SEJONG, Oct. 18 (Korea Bizwire) – South Korea and the United States will spend a combined US$6 million on a joint research project to develop robotic technologies for disaster response over the next three years, the trade ministry here said Tuesday.
Officials from the two governments, including South Korea’s Director General Kim Jeong-hwan and U.S. Assistant Secretary of Defense Stephen Welby, held a kick-off meeting in Seoul on the Korea-U.S. collaborative program sponsored by the South Korean Ministry of Trade, Industry of Energy and the U.S. Department of Defense.
It is a followup step to a deal between the two sides in April 2015 to develop next-generation robotic systems for disaster environments.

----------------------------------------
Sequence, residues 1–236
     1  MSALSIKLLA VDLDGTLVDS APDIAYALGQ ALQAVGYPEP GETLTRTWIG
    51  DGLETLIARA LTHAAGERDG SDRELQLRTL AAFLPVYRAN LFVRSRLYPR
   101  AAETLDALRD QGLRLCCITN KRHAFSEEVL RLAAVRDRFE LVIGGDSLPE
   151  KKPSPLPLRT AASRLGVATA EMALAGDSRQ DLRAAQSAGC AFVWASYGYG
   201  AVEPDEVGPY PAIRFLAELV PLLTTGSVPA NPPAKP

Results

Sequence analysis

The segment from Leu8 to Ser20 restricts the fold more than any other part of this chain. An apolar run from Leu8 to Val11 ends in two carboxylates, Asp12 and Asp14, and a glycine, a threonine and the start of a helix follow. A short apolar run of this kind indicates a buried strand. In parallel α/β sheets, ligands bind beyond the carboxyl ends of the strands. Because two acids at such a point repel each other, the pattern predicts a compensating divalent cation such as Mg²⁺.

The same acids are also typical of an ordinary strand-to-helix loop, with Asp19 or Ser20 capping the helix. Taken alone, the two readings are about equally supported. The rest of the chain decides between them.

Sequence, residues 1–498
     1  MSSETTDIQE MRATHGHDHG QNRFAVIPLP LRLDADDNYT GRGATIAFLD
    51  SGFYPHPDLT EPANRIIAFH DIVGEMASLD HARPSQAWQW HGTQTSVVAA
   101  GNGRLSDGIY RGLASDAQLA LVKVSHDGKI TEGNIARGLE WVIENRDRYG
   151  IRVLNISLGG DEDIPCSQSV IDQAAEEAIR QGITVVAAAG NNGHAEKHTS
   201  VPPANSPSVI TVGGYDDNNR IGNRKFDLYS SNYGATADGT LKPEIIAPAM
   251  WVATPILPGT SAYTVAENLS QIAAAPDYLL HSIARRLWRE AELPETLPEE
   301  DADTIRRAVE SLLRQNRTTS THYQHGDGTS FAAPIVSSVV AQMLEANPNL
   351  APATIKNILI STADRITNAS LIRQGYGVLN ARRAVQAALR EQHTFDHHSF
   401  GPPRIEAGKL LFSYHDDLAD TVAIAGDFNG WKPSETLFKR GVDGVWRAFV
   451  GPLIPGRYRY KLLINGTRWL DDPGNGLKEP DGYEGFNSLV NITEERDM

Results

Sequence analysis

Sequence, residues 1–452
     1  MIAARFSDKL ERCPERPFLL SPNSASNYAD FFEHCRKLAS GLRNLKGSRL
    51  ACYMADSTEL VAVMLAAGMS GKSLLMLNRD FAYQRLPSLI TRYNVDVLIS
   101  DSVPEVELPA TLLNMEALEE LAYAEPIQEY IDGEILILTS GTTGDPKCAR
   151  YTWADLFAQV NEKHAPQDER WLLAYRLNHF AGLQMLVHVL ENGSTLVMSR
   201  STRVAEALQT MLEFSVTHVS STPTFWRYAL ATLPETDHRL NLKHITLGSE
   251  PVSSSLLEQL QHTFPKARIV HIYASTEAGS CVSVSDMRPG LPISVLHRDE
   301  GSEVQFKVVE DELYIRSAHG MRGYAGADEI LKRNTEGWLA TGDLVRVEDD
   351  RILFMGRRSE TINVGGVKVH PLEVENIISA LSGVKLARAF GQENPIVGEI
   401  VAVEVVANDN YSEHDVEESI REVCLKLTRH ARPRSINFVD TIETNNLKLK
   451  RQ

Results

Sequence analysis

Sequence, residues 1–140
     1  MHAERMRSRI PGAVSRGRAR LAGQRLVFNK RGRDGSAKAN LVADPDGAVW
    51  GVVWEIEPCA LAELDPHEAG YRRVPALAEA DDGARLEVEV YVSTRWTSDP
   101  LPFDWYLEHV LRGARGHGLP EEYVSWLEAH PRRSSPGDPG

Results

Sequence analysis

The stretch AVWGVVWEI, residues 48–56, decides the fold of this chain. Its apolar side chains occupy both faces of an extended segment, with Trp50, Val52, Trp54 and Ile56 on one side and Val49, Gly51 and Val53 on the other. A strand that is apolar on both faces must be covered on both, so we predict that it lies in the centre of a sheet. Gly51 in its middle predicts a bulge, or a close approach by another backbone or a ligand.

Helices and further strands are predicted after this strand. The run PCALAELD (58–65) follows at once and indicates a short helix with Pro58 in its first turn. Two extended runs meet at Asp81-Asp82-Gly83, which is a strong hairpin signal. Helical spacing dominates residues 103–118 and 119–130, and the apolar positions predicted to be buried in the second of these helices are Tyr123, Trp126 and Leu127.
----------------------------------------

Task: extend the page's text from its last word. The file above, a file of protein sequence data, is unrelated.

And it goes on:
Experts and researchers from the countries’ top-ranked universities and research centers such as the Korea Advanced Institute of Science and Technology and the Massachusetts Institute of Technology will team up to participate in the Korea-U.S. collaborative program, according to the ministry.
They will jointly study ways to apply fundamental robotic technologies to humanitarian assistance and disaster relief tasks in the three categories of robot platforms, human-robot interaction and control, and modeling of a disaster environment.
Each country will inject $1 million into the project every year for the next three years.
“Robotic technologies are used in various fields including the manufacturing and service sectors, and they will play a big role in carrying out relief operations in case of natural disasters,” the ministry said. “The Seoul-Washington joint research will contribute to further developing and expanding bilateral cooperation in the robotics area.”